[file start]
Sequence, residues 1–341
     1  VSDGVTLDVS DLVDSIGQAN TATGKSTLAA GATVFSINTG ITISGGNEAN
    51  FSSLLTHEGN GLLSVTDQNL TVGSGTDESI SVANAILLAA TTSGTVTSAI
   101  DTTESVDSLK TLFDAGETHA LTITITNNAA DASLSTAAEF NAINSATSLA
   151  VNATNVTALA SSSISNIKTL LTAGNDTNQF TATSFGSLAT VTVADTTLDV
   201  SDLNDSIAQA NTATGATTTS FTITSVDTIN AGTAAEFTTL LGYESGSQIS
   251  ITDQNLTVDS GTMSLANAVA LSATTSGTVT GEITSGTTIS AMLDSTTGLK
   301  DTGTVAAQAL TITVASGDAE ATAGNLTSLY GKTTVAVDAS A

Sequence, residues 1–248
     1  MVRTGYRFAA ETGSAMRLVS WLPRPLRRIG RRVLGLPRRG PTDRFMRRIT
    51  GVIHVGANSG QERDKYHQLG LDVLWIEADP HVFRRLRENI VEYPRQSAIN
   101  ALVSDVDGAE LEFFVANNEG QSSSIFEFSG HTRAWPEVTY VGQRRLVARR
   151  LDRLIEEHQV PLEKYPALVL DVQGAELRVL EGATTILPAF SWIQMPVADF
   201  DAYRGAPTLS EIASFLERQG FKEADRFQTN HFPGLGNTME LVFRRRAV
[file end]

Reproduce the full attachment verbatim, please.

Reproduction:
Sequence, residues 1–341
     1  VSDGVTLDVS DLVDSIGQAN TATGKSTLAA GATVFSINTG ITISGGNEAN
    51  FSSLLTHEGN GLLSVTDQNL TVGSGTDESI SVANAILLAA TTSGTVTSAI
   101  DTTESVDSLK TLFDAGETHA LTITITNNAA DASLSTAAEF NAINSATSLA
   151  VNATNVTALA SSSISNIKTL LTAGNDTNQF TATSFGSLAT VTVADTTLDV
   201  SDLNDSIAQA NTATGATTTS FTITSVDTIN AGTAAEFTTL LGYESGSQIS
   251  ITDQNLTVDS GTMSLANAVA LSATTSGTVT GEITSGTTIS AMLDSTTGLK
   301  DTGTVAAQAL TITVASGDAE ATAGNLTSLY GKTTVAVDAS A

Sequence, residues 1–248
     1  MVRTGYRFAA ETGSAMRLVS WLPRPLRRIG RRVLGLPRRG PTDRFMRRIT
    51  GVIHVGANSG QERDKYHQLG LDVLWIEADP HVFRRLRENI VEYPRQSAIN
   101  ALVSDVDGAE LEFFVANNEG QSSSIFEFSG HTRAWPEVTY VGQRRLVARR
   151  LDRLIEEHQV PLEKYPALVL DVQGAELRVL EGATTILPAF SWIQMPVADF
   201  DAYRGAPTLS EIASFLERQG FKEADRFQTN HFPGLGNTME LVFRRRAV